Minerals form by the ordered arrangement of atoms. Each mineral has a characteristic form, determined by the electron configuration of the atoms of its structure and the temperature and pressure of the system. However in nature, where no system is pure, mineral structure is also affected by other atoms in the fluid, be it deposition from a melt, an aqueous solution or a vapour. Minor and even trace concentrations of foreign species can completely change crystal form. Organisms take advantage of this. During their millions of years of evolution, they have developed biomolecules that enhance or inhibit growth on certain crystal sites so they can control mineral growth to precisely equip them for their ecological niche.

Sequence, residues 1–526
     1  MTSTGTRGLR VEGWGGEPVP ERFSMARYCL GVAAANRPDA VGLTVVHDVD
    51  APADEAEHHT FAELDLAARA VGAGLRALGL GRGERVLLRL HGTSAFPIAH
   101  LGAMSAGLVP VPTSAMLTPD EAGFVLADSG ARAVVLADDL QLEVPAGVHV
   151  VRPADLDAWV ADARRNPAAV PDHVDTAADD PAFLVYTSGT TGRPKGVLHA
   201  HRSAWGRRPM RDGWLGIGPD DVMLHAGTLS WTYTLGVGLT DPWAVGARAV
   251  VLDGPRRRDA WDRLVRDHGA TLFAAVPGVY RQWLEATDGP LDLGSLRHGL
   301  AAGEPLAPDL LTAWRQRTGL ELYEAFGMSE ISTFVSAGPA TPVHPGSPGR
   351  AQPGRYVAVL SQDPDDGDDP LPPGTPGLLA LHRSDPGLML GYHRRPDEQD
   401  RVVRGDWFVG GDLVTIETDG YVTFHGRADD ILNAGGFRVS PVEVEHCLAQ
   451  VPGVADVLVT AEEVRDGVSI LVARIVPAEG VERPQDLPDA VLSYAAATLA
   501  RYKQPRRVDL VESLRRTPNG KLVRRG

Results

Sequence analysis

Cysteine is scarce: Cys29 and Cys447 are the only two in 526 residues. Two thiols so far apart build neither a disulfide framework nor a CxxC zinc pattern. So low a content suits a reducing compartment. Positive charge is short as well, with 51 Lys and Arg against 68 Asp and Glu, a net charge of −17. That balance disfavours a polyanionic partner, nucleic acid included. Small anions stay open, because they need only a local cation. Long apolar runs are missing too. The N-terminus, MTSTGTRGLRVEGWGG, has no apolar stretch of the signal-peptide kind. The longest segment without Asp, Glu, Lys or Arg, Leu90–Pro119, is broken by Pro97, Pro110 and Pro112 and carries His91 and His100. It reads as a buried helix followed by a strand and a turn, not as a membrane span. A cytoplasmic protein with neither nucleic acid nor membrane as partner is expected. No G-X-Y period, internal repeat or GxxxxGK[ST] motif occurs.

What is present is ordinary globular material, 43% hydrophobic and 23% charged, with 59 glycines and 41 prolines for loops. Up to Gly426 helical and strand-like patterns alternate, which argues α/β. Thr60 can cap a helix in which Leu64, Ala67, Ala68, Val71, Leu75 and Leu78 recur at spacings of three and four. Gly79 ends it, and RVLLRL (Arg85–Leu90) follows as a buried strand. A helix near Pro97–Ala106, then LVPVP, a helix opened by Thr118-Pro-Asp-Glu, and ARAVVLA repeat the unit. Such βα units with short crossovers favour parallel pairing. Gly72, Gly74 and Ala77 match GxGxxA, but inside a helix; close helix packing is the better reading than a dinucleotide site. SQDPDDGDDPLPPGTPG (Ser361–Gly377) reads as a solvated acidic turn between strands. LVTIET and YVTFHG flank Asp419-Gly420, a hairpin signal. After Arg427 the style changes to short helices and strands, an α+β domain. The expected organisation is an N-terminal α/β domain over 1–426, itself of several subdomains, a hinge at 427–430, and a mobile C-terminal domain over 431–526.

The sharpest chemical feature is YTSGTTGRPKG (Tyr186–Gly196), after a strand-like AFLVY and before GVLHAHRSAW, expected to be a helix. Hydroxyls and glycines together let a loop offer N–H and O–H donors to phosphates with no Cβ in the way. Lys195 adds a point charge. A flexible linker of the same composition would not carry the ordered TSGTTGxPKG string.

Whether the trace components are inorganic or organic, the change in mineral form can be dramatic. From an ideal laboratory solution for example, green rust, a layered Fe(II), Fe(III) double hydroxide, precipitates as broad, flat, hexagonal plates. Aluminium, which also forms hydroxide minerals, can substitute for Fe(III) but its smaller ionic radius causes distortion in the green rust structure and crystal radius decreases. Organic impurities can have a dramatic effect, exemplified by biominerals, where bones, teeth and shells look and function quite differently than inorganically formed hydroxyapatite, calcite and aragonite. Polysaccharides, even at parts per million concentration, transform the typical rhombohedral shape of calcite into beautiful, intricate discs, that the coccolithophore algae use to cover their single cell. Learning nature’s tricks for controlling crystal growth provides us with clues for developing new, functional materials.